1. Kermit Davis is the early star of the 2016 NCAA Tournament
Sometimes you can’t make this stuff up.
Middle Tennessee didn’t just beat Michigan State on Friday; the Blue Raiders led the Spartans from wire-to-wire en route to a 90-81 win, which may wind up going down as the biggest upset in NCAA Tournament history.
Tom Izzo’s team was playing as well as anybody in college basketball and many people — including myself — picked the Spartans to cut down the nets. But for one day, Izzo wasn’t the coach who shined brightest while coaching in the field of 68.
Middle Tennessee’s Kermit Davis, a grinder’s grinder and a lifer in the business, had his team playing with supreme confidence from the opening tip. It was apparent as soon as the two teams stepped on the floor.
This guy has shined brighter than any figure thus far in the 2016 NCAA Tournament, and he’ll have another opportunity to make headlines on Sunday when the Blue Raiders face Syracuse in the Round of 32.
2. The Big 12 once again takes it on the chin
There’s no way to sugar coat this: History is repeating itself again.
One year after the Big 12 had just two teams advance to the Sweet 16 and none in the Elite Eight, the league is struggling to represent itself at a high level in the NCAA Tournament.
Only three teams — Kansas, Oklahoma and Iowa State — out of seven have advanced through the first round and are still playing. Three of the four Big 12 teams that fell — Baylor, West Virginia and Texas — were knocked out by double-digit seeds.
3. Murphy’s Law hit Cal at the worst possible time
Whatever could go wrong did go wrong for a program that was trending upward as recently as a week ago. The Bears had arguably the most talented roster in the bracket but wound up being eliminated by Hawaii on Friday due to myriad reasons.
Cal had an assistant coach terminated early in the week and then lost its heart and soul in point guard Tyrone Wallace to a hand injury. Then another starter, Jabari Bird, didn’t play on Friday due to a back injury. The Bears were down two starters in their most important game of the year, and the loss was really a manifestation of everything that went wrong for this program over the past few days.
When things go bad, they go really bad.
4. Your heart has to go out to Octavius Ellis
This is the dark side of March.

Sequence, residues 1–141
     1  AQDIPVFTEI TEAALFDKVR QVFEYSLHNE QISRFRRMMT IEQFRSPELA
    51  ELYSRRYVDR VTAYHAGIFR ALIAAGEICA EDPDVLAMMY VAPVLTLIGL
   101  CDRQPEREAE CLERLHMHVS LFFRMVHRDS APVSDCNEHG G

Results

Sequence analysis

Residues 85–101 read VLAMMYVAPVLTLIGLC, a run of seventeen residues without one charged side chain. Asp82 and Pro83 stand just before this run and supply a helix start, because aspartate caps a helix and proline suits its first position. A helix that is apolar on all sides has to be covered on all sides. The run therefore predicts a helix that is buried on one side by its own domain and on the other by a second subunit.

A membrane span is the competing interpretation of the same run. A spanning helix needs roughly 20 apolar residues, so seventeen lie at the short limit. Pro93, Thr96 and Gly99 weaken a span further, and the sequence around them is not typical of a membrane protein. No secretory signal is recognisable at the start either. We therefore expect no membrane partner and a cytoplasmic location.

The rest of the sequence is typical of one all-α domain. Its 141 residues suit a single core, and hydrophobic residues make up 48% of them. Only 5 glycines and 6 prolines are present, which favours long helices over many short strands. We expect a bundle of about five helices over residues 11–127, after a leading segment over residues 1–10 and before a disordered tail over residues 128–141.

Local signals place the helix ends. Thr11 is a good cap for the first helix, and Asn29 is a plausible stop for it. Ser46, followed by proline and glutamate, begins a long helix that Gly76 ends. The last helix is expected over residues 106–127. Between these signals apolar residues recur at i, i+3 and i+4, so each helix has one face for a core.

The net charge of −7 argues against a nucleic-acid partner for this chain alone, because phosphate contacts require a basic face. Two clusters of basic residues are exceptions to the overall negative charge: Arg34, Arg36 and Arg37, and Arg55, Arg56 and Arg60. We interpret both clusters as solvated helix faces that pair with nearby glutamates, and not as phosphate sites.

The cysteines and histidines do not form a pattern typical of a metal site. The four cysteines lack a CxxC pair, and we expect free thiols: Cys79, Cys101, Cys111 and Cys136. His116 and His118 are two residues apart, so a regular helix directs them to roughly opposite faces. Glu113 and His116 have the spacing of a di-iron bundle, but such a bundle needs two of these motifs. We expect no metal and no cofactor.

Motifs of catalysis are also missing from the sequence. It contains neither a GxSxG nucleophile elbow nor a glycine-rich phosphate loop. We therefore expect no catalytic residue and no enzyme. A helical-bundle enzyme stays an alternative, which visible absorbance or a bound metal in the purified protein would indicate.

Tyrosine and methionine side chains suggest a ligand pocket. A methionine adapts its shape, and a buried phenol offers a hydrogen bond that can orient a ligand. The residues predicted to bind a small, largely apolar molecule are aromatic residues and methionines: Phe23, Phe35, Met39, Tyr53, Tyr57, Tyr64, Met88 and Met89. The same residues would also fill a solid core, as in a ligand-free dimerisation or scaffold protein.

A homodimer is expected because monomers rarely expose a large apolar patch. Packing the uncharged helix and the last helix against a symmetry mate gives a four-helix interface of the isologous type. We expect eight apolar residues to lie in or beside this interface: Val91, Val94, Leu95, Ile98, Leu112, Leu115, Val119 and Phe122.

The NCAA Tournament takes programs to amazing highs and equally amazing lows. Ellis felt the latter on Friday night in Spokane, Washington.
It appeared that Cincinnati’s senior big man scored on a dunk with no time remaining to tie the game against Saint Joseph’s, but Ellis ultimately still had the ball on his fingertips it entered the cylinder. The referees huddled after the final buzzer sounded and awarded the game to the Hawks by potentially the slimmest margin in NCAA Tournament history.
Ellis just sat there with tears in his eyes, realizing that if he let the ball go a split second sooner the outcome might have been different and the two teams would’ve had another five minutes to play in overtime. Instead, the Bearcats’ season is over and Saint Joseph’s moves on to play Sunday against one-seed Oregon.
This is March.
5. Josh Pastner gets his chance to regain momentum at Memphis
The news came down on Friday that the 38-year-old coach will return next season to coach the Tigers just 12 days after Pastner led Memphis to within one win of the NCAA Tournament.
The Tigers were blindsided last summer when Austin Nichols decided to transfer to Virginia and now Pastner — who would be much more revered on Beale Street if he didn’t follow John Calipari — will attempt to get Memphis back into the upper echelon of the American Athletic Conference.
Memphis returns a first-team all-conference player in Dedric Lawson (15.8 points, 9.3 rebounds) as well as K.J. Lawson (8.8 points, 3.5 rebounds), who only played in 10 games this past season due to injury.
Look for Pastner to be extremely aggressive in the spring recruiting period as he tries to bolster his record of 167-73 over seven seasons at Memphis, which includes four consecutive NCAA Tournament appearances from 2011-15.